The OECS Trains 108 Persons in Safety at Sea

OECS Media Release— The safety of fisherfolk at sea in OECS Member States has been a perennial concern for authorities across the region. Most fishermen in the region set out to sea in pirogues approximately 12-14 feet long, often facing harsh weather conditions, relentless waves, accidents, and the occasional boat engine failure. While the region has made several strides to improve the safety of fishermen, continuous improvement and training are needed to better the industry, support livelihoods, and preserve the lives of fishers, which remains paramount.

​The Organisation of Eastern Caribbean States (OECS) conducted Safety at Sea training sessions for fishermen in St. Kitts and Nevis, and Dominica during the week of August 14 to 18, training a total of 108 persons. Mr. Sherwin S. Julius conducted the sessions in St. Kitts and Nevis – a Maritime expert with over 25 years of experience – while the session in Dominica was conducted by Norman J. Norris, founder and CEO of NJN Consulting Group, with over 25 years of experience in the marine space.

Mr. Sherwin Julius began his presentations by telling the fisherfolk that on ocean vessels, ““Safety first” must be what anyone working on fishing vessels should keep in mind. Safety must be given priority because proper safety measures will save lives, protect vessels from damage, prevent serious accidents and injuries, protect the environment and contribute to profitable fisheries.” Mr. Julius added that the owners, operators, and captains of all fishing vessels are responsible for training their crew on safety.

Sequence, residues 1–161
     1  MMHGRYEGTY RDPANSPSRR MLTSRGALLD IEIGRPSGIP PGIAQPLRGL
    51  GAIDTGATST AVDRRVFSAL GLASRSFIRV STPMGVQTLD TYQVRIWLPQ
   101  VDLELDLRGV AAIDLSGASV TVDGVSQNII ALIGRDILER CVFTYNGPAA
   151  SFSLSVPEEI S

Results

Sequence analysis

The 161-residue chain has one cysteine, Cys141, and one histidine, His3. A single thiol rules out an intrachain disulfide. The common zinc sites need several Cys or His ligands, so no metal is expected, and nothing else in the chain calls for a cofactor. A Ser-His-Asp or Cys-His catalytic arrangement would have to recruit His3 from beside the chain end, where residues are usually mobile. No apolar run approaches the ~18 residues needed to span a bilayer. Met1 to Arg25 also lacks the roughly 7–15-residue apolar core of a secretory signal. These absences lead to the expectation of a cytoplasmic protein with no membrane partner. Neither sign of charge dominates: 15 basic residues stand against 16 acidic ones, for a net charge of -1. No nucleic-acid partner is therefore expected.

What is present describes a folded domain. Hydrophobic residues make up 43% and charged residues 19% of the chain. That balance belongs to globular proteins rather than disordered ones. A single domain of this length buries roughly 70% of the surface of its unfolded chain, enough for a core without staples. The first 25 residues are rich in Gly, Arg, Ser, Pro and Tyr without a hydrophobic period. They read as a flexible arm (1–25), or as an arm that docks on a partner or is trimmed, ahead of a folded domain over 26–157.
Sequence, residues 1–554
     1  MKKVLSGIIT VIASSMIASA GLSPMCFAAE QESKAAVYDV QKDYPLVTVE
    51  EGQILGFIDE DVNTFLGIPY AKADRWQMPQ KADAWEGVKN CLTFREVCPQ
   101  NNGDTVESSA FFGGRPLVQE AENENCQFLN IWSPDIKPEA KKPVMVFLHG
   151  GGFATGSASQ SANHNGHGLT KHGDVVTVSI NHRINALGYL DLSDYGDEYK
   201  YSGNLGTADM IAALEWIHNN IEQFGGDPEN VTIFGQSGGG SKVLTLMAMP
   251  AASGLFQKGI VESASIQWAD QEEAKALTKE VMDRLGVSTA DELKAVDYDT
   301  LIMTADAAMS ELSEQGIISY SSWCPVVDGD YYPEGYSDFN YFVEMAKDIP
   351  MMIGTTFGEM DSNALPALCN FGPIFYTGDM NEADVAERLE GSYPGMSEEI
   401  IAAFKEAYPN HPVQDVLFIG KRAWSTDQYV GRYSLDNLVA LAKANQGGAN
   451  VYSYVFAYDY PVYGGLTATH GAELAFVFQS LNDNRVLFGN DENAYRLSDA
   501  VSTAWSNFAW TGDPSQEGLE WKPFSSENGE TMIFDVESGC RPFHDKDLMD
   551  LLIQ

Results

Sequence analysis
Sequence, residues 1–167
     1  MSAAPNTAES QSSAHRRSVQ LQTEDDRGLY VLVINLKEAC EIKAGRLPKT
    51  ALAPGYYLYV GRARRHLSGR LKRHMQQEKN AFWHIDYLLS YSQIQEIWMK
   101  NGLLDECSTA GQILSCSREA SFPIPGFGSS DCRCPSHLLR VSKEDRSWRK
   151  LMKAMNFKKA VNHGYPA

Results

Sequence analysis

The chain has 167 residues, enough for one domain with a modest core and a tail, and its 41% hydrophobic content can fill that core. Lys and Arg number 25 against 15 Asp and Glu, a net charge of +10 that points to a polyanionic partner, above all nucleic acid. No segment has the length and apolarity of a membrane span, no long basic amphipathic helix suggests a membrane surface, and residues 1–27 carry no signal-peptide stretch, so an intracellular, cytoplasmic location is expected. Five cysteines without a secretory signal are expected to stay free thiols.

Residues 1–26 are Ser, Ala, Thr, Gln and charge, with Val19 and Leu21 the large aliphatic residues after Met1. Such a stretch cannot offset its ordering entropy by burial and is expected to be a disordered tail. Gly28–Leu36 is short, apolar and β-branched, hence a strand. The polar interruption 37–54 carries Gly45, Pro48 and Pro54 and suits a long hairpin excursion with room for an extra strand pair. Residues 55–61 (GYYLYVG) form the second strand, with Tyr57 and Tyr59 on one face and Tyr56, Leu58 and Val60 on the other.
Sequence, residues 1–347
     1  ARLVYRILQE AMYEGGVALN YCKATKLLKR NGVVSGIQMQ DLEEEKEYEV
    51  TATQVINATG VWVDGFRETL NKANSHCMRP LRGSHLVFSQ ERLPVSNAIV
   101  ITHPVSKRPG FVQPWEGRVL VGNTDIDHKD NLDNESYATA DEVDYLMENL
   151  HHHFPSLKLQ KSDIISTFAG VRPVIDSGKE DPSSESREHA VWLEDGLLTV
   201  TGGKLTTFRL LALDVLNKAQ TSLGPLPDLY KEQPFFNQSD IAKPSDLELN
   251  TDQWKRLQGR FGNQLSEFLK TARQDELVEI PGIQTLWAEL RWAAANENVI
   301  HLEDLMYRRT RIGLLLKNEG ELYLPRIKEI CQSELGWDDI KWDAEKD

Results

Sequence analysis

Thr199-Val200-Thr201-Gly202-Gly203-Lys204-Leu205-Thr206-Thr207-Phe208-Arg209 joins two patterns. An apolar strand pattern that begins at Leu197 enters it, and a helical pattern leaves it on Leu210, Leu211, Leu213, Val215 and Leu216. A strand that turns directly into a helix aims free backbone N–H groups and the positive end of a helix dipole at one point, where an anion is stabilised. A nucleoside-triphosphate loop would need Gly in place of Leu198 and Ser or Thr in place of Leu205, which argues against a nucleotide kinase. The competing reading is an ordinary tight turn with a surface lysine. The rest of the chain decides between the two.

Incidentally, about two days before the training in Nevis, some fisherfolk from Nevis had to be rescued by the St. Kitts and Nevis Coast Guard after their boat capsized on a return sea voyage from Anguilla. This incident sparked great interest within the fishing community on the island.

At the end of the sessions, one of the participants from the St. Kitts cohort, Sandy Wilkin-Francis, said that one of the takeaways for her was, “Safety never takes a vacation.” “This tagline is something we should be mindful of when going to sea. During the workshop, we learned quite a lot about being safe on the vessel, procedures that can be used and should be used to mitigate any hazard at sea,” she concluded.

Speaking about the session in Nevis, Lakisha Rogers, a fisherwoman from Nevis, said, “It was a really good workshop because, as a young fisherwoman, I learned a few things I didn’t know in terms of safety at sea – what to do, what not to do when on the sea. I’m glad I was a part of it.”

The training sessions were conducted through the European Union-funded BioSPACE Programme – Biodiversity Support Programme for ACP Coastal Environments – which was developed to contribute to the sustainable development of ACP Small Island Developing States (SIDS) and coastal countries while at the same time supporting efforts towards achieving the Sustainable Development Goals (SDGs). BioSPACE is aimed at increasing the capacity to manage and sustainably use marine coastal resources in the region, while the ILM Project seeks to optimise the contribution of land to agriculture, food security, climate change mitigation and adaptation, and the preservation of ecosystems and the essential services they provide.

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